Made by the nation’s largest craft brewery, the Sam Adams Chocolate Bock showcases cocoa in a different medium than conventional stout. The 5% ABV beer is a bock, dark tan in color, with some of the typical “dark” beer flavors, such as fig, bread, and molasses. The chocolate flavor is muted but blends with the other elements, rich and milky.

Young’s Double Chocolate Stout (London, England)

(A chocolate beer that smells strongly of caramel. Flickr user Raymond M.)

Another low gravity stout, Young’s Double Chocolate Stout has a strong fudge aroma. On the tongue, however, the beer feels light and a bit runny, more like water than milk.

Speakeasy Black Hand Chocolate Milk Stout (San Francisco)


(In this beer, the chocolate is not the focal point. Alastair Bland)

A first sip produces toast, coffee, toasted nuts. Then, after this first influx of flavors that breaks and passes like a wave, the chocolate advances, bitter but rich. At 6.9% ABV and quite the opposite of sweeter styles, like Samuel Smith’s, Speakeasy’s offering incorporates more chocolate as an adjunct to the larger beer high, not as a culmination in itself.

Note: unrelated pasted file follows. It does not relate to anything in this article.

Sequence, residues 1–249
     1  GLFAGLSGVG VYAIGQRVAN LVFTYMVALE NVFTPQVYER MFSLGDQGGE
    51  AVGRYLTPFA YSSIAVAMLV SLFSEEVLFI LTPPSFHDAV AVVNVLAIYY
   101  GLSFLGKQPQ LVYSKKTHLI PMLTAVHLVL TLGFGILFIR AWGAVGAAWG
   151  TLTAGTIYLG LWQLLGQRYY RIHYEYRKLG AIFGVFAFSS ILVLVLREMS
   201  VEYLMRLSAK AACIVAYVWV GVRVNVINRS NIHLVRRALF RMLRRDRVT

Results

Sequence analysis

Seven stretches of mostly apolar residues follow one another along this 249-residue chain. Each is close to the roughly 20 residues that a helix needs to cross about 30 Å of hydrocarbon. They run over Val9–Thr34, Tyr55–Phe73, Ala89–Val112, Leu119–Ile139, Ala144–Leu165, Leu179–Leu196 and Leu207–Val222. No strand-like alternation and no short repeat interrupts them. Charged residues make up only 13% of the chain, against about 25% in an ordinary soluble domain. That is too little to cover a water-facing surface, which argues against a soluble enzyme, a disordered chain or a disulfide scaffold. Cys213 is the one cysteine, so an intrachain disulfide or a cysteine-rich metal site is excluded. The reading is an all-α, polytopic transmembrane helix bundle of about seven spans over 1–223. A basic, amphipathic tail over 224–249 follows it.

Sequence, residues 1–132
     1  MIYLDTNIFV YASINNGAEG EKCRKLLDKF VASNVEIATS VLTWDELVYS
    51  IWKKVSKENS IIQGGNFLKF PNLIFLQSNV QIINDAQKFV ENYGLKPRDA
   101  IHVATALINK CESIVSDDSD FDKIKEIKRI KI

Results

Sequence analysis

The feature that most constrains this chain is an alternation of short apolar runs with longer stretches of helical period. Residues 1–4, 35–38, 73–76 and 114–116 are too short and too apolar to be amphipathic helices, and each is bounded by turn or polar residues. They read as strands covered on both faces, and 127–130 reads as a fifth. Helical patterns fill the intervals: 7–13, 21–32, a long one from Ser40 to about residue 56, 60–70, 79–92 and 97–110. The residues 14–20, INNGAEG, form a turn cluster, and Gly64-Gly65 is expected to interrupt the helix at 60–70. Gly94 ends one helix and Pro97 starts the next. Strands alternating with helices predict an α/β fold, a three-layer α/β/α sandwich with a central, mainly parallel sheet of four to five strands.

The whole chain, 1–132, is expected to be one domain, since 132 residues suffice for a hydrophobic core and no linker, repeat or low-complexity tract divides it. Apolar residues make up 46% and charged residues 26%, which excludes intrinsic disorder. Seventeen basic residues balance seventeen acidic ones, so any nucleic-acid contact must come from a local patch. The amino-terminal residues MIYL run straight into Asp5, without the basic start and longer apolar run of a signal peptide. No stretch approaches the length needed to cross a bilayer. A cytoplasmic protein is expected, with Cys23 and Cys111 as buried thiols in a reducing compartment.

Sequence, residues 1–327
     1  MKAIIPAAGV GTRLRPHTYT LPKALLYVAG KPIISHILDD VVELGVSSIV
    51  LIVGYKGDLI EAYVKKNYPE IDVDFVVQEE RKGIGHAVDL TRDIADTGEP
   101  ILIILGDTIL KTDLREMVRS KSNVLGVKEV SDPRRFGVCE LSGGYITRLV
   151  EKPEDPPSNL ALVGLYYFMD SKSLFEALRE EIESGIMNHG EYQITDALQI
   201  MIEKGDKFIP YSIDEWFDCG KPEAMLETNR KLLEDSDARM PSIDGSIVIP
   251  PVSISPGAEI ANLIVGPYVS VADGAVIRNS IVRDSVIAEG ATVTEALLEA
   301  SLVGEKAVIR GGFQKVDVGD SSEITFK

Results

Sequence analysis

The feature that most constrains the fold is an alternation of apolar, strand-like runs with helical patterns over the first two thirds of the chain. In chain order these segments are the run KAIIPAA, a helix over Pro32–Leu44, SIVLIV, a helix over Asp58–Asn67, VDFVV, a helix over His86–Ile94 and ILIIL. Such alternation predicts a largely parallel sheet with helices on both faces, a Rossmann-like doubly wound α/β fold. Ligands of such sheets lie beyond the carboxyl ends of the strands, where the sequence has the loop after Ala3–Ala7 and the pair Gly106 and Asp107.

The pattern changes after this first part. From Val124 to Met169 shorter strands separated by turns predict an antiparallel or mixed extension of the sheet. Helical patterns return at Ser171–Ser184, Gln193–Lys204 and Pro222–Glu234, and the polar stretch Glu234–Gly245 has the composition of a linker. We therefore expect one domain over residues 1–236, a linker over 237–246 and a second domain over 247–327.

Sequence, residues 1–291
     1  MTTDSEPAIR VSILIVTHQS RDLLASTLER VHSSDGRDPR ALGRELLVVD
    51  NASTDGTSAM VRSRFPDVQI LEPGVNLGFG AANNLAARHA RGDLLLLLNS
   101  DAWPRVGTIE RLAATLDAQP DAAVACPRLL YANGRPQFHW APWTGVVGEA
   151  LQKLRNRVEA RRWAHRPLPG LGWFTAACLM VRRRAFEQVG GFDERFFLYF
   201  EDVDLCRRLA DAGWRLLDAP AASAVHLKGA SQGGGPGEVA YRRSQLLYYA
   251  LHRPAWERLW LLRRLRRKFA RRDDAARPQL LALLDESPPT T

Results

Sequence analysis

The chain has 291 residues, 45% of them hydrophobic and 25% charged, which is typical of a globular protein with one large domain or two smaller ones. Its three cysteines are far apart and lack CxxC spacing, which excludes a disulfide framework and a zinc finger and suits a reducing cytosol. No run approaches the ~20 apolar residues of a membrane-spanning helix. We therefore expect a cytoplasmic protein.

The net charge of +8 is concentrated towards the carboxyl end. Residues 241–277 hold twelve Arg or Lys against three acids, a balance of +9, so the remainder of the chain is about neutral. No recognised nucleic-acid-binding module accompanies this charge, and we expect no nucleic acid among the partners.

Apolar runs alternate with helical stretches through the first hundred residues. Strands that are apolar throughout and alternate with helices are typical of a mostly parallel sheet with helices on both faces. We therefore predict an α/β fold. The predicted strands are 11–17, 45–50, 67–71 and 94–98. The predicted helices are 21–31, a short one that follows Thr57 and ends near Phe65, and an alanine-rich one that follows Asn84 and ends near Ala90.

Thomas Creek Castaway Chocolate Orange IPA (Greenville, SC)


(A singular chocolate IPA. Alastair Bland)

You might have tasted sour beers like lemonade, whiskey-aged stouts, and smoky-tasting porters, and you think you’ve been to all four corners of the craft beer kingdom, and then you come across this oddity. This is an India Pale Ale, the preferred style for its crisp, pungent hop aromas and pungent alpha acids on the palate. But this one was dipped in chocolate. The beer is named after a nautical theme – “Castaway” – and a motto line on the bottle reads: “Sink the status quo”. This unusual IPA sinks it. The chocolate gives the beer a curious tootsie roll flavor, and the end result looks more like a barleywine.

New Belgium Salted Belgian Chocolate Stout (Fort Collins, Colorado)


(A little extra salt brings out the flavor of this beer. New Belgium Brewing)

Food tastes bad without salt, the greatest flavor enhancer. Although the beer does very well without salt, the brewers at New Belgium Brewing Company decided to give their recently released chocolate stout a boost with the addition of calcium chloride and sodium chloride. Already a hearty beer at 9 percent ABV, this latest rendition of New Belgium’s Lips of Faith gains a savory body and a textured mouthfeel that it almost feels like you could chew.

Theobroma dogfish head (Milton, Delaware)


(The ingredients in this beer offer a nod to Aztec culture. Alastair Bland)

Brewed with cocoa powder and nibs, honey, ancho chili peppers and annatto seeds, Theobroma, the genus of cocoa tree, is Dogfish Head’s tip of the hat to Aztec culture and their ancient use of chocolate as a drink. The beer is tawny red in color and if served in the sun it really shines in the glass. Chocolate chips aren’t the only unusual ingredient in this beer. Annatto seeds, honey and ancho chiles were also used in the recipe, and the latter two are obvious to even the dullest of palates, while the chocolate whispers quietly.